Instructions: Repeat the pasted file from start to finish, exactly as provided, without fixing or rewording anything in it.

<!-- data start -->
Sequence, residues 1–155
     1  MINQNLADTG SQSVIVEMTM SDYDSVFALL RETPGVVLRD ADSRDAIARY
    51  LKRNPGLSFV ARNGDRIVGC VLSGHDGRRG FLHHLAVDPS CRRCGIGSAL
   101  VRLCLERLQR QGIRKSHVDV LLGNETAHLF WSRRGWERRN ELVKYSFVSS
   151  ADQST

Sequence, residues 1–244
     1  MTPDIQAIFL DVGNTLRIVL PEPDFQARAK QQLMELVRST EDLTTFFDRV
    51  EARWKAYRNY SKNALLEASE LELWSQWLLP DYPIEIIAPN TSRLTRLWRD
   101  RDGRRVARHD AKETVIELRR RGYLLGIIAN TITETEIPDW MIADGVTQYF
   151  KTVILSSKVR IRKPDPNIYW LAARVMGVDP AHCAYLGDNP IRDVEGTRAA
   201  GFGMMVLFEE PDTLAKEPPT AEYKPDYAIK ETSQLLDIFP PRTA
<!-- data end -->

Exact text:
Sequence, residues 1–155
     1  MINQNLADTG SQSVIVEMTM SDYDSVFALL RETPGVVLRD ADSRDAIARY
    51  LKRNPGLSFV ARNGDRIVGC VLSGHDGRRG FLHHLAVDPS CRRCGIGSAL
   101  VRLCLERLQR QGIRKSHVDV LLGNETAHLF WSRRGWERRN ELVKYSFVSS
   151  ADQST

Sequence, residues 1–244
     1  MTPDIQAIFL DVGNTLRIVL PEPDFQARAK QQLMELVRST EDLTTFFDRV
    51  EARWKAYRNY SKNALLEASE LELWSQWLLP DYPIEIIAPN TSRLTRLWRD
   101  RDGRRVARHD AKETVIELRR RGYLLGIIAN TITETEIPDW MIADGVTQYF
   151  KTVILSSKVR IRKPDPNIYW LAARVMGVDP AHCAYLGDNP IRDVEGTRAA
   201  GFGMMVLFEE PDTLAKEPPT AEYKPDYAIK ETSQLLDIFP PRTA